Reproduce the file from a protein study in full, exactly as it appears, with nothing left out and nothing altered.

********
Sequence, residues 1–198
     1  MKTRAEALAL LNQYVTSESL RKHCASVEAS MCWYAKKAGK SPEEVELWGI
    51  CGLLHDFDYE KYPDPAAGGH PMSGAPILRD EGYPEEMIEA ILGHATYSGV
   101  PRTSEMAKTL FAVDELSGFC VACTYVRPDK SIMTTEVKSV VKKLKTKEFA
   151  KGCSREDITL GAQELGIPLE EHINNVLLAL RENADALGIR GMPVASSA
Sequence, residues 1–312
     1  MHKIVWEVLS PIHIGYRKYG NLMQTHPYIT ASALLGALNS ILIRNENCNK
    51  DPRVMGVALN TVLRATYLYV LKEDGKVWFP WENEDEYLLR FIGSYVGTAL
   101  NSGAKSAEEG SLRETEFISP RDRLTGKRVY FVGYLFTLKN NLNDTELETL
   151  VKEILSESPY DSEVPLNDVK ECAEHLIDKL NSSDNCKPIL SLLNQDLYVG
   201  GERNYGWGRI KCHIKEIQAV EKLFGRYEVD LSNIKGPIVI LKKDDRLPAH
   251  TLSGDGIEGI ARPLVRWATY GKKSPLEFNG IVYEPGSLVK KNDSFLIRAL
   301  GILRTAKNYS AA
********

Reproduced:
Sequence, residues 1–198
     1  MKTRAEALAL LNQYVTSESL RKHCASVEAS MCWYAKKAGK SPEEVELWGI
    51  CGLLHDFDYE KYPDPAAGGH PMSGAPILRD EGYPEEMIEA ILGHATYSGV
   101  PRTSEMAKTL FAVDELSGFC VACTYVRPDK SIMTTEVKSV VKKLKTKEFA
   151  KGCSREDITL GAQELGIPLE EHINNVLLAL RENADALGIR GMPVASSA
Sequence, residues 1–312
     1  MHKIVWEVLS PIHIGYRKYG NLMQTHPYIT ASALLGALNS ILIRNENCNK
    51  DPRVMGVALN TVLRATYLYV LKEDGKVWFP WENEDEYLLR FIGSYVGTAL
   101  NSGAKSAEEG SLRETEFISP RDRLTGKRVY FVGYLFTLKN NLNDTELETL
   151  VKEILSESPY DSEVPLNDVK ECAEHLIDKL NSSDNCKPIL SLLNQDLYVG
   201  GERNYGWGRI KCHIKEIQAV EKLFGRYEVD LSNIKGPIVI LKKDDRLPAH
   251  TLSGDGIEGI ARPLVRWATY GKKSPLEFNG IVYEPGSLVK KNDSFLIRAL
   301  GILRTAKNYS AA